Until Justice Be Done: America’s First Civil Rights Movement, from the Revolution to Reconstruction

A Virtual Presentation by Kate Masur
Thursday, January 13, 2022
Noon – 1 pm
Admission: FREE! Registration Required.

THIS PROGRAM IS AT CAPACITY! You can add your name to the waiting list. We will contact you if we have a cancellation. We cannot guarantee access for those without registrations.

Join us for a special pre-Martin Luther King Jr. Day event as we host Northwestern University professor Kate Masur to discuss her recent book, Until Justice Be Done: America’s First Civil Rights Movement, from the Revolution to Reconstruction.

Masur’s book is a groundbreaking history of the movement for equal rights that courageously battled racist laws and institutions, Northern and Southern, in the decades before the Civil War. The New York Times calls Masur’s book, “A powerful new framing of America’s first civil rights movement.”

The half-century before the Civil War was beset with conflict over equality as well as freedom. Beginning in 1803, many free states enacted laws that discouraged free African Americans from settling within their boundaries and restricted their rights to testify in court, move freely from place to place, work, vote, and attend public school. But over time, African American activists and their white allies, often facing mob violence, courageously built a movement to fight these racist laws. They countered the states’ insistences that states were merely trying to maintain domestic peace with the equal-rights promises they found in the Declaration of Independence and the Constitution. They were pastors, editors, lawyers, politicians, ship captains, and countless ordinary men and women, and they fought in the press, the courts, the state legislatures, and Congress, through petitioning, lobbying, party politics, and elections. Long stymied by hostile white majorities and unfavorable court decisions, the movement’s ideals became increasingly mainstream in the 1850s, particularly among supporters of the new Republican party. When Congress began rebuilding the nation after the Civil War, Republicans installed this vision of racial equality in the 1866 Civil Rights Act and the Fourteenth Amendment. These were the landmark achievements of the first civil rights movement.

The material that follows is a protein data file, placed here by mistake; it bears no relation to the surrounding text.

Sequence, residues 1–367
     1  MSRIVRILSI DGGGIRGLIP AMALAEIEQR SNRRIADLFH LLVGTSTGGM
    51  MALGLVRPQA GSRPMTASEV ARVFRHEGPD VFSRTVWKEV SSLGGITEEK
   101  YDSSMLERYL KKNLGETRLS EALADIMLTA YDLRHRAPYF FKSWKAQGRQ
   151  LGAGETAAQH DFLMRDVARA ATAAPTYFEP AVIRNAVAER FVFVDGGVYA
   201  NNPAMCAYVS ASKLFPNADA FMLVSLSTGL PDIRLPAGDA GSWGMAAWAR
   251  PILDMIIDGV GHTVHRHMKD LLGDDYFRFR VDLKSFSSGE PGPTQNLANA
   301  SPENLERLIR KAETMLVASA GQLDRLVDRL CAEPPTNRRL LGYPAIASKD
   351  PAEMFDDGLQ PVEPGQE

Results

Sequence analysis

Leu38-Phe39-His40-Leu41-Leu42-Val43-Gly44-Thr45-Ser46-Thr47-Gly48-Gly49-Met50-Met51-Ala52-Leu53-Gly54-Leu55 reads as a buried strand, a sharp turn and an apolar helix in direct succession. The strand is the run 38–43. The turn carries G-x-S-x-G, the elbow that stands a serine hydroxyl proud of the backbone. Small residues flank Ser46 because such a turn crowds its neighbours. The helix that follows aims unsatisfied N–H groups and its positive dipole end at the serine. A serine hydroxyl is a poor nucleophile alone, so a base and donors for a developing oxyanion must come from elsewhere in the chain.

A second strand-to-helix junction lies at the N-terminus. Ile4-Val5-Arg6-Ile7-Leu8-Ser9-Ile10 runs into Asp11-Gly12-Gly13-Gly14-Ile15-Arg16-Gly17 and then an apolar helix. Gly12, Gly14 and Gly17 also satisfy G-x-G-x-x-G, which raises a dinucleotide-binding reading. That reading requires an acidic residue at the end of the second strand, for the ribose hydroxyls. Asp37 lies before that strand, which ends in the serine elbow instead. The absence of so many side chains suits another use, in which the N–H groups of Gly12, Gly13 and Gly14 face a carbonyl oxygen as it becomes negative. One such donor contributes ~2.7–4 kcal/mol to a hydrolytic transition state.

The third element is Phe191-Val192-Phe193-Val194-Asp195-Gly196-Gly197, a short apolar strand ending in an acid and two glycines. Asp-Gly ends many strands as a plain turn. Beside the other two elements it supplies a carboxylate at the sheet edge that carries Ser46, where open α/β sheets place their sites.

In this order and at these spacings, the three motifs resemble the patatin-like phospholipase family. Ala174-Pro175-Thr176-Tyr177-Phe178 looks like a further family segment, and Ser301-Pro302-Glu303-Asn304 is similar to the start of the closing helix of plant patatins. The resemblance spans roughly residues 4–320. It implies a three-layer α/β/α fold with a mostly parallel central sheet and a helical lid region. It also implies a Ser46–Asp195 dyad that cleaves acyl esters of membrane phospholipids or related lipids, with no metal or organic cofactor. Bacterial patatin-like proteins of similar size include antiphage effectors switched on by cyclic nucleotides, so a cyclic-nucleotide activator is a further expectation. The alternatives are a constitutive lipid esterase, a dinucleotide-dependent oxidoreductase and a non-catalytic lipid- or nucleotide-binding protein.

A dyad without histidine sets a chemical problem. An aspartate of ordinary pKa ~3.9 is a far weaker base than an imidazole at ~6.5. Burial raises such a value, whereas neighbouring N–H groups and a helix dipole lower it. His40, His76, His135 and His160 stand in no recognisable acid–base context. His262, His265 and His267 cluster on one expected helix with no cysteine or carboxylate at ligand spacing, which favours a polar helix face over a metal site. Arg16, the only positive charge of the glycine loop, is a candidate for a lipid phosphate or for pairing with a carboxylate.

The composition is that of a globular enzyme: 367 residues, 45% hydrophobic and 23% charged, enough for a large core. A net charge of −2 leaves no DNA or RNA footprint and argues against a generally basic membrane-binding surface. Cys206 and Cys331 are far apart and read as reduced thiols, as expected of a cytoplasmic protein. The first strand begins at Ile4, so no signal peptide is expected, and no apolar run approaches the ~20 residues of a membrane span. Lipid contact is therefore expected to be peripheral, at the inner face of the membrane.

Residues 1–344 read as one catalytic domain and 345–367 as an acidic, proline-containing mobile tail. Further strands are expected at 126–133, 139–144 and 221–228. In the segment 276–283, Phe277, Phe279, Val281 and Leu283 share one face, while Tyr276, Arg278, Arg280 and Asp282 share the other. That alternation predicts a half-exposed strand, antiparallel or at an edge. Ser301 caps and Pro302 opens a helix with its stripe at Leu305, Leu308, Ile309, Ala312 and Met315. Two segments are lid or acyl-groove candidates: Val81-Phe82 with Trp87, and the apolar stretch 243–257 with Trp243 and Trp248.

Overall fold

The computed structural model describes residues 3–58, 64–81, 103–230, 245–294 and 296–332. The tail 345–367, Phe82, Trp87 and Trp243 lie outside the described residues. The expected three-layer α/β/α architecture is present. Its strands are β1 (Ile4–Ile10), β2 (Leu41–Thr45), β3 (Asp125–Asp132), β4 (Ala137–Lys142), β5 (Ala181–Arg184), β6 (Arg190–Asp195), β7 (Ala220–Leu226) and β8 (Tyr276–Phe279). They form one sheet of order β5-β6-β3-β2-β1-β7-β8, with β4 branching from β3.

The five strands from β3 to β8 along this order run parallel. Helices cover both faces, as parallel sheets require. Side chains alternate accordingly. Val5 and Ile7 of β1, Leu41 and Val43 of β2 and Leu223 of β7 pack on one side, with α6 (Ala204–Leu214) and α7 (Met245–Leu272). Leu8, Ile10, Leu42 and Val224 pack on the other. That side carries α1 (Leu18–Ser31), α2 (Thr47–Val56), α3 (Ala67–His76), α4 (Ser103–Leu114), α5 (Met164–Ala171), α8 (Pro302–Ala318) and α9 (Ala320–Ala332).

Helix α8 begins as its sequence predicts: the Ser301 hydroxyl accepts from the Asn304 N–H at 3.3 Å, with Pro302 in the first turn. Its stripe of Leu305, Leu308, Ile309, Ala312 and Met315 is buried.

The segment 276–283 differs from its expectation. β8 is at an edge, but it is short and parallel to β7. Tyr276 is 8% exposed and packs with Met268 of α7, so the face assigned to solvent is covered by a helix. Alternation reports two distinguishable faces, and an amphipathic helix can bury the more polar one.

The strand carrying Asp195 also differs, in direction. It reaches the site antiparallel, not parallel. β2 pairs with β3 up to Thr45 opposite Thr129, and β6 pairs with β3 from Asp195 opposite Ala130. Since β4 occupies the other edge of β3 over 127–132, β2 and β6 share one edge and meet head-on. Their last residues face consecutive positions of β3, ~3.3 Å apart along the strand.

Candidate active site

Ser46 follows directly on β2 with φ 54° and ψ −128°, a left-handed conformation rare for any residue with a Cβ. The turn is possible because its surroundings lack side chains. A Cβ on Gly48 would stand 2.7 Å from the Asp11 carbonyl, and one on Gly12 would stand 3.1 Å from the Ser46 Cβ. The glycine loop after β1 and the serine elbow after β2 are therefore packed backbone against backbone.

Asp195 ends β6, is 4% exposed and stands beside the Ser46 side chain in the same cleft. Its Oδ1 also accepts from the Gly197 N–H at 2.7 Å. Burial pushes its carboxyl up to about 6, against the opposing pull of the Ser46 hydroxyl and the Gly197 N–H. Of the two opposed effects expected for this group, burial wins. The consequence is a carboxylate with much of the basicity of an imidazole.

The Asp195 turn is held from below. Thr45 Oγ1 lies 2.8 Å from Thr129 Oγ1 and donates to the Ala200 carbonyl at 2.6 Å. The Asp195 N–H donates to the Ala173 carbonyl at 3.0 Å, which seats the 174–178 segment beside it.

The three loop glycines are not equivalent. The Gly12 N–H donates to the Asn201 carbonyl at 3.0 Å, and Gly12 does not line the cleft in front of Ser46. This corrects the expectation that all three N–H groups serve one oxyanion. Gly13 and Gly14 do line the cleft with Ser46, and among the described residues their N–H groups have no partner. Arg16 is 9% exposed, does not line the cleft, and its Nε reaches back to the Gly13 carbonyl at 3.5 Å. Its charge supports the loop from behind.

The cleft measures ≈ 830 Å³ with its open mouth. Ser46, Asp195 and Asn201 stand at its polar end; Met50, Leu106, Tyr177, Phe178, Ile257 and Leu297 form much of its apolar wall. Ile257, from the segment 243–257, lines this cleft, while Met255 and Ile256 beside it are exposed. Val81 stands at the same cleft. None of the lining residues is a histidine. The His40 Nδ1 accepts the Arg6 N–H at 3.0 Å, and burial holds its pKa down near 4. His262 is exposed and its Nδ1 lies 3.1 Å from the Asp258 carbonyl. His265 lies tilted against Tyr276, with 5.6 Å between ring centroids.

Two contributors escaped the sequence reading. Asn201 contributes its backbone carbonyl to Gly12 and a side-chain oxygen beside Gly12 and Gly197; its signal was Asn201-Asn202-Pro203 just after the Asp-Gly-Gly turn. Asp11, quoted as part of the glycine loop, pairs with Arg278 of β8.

Kate Masur is a professor of History at Northwestern University. She specializes in the history of race, politics, and law in the nineteenth-century United States. She is the author of numerous books and articles including An Example for All the Land: Emancipation and the Struggle over Equality in Washington, D.C. and, with Gregory Downs, The World the Civil War Made. Masur’s scholarship has recently appeared in The Journal of the Civil War Era and the American Journal of Legal History, and as commentary in the Chicago Tribune, the New York Times, and the Washington Post’s “Made By History.”

Order the book from Evanston’s local bookstore, Bookends & Beginnings: https://bit.ly/UntilJusticeBeDoneOrder

Thank you to our partner, Bookends & Beginnings!